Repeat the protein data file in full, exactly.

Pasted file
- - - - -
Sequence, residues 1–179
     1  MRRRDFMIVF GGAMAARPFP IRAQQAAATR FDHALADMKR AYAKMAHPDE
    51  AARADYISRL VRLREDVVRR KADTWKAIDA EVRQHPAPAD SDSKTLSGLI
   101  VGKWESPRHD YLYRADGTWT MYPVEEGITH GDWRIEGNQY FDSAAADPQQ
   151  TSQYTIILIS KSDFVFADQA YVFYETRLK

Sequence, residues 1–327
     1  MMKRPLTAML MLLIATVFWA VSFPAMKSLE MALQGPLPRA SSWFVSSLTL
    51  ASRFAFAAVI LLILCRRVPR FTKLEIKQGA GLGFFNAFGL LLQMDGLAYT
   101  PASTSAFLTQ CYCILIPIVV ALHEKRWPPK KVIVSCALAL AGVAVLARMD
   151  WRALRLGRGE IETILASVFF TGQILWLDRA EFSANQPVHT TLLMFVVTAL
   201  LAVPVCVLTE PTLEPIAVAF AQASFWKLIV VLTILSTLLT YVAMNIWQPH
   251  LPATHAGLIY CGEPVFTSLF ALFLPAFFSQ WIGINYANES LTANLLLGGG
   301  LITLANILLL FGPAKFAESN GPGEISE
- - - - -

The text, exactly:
Sequence, residues 1–179
     1  MRRRDFMIVF GGAMAARPFP IRAQQAAATR FDHALADMKR AYAKMAHPDE
    51  AARADYISRL VRLREDVVRR KADTWKAIDA EVRQHPAPAD SDSKTLSGLI
   101  VGKWESPRHD YLYRADGTWT MYPVEEGITH GDWRIEGNQY FDSAAADPQQ
   151  TSQYTIILIS KSDFVFADQA YVFYETRLK

Sequence, residues 1–327
     1  MMKRPLTAML MLLIATVFWA VSFPAMKSLE MALQGPLPRA SSWFVSSLTL
    51  ASRFAFAAVI LLILCRRVPR FTKLEIKQGA GLGFFNAFGL LLQMDGLAYT
   101  PASTSAFLTQ CYCILIPIVV ALHEKRWPPK KVIVSCALAL AGVAVLARMD
   151  WRALRLGRGE IETILASVFF TGQILWLDRA EFSANQPVHT TLLMFVVTAL
   201  LAVPVCVLTE PTLEPIAVAF AQASFWKLIV VLTILSTLLT YVAMNIWQPH
   251  LPATHAGLIY CGEPVFTSLF ALFLPAFFSQ WIGINYANES LTANLLLGGG
   301  LITLANILLL FGPAKFAESN GPGEISE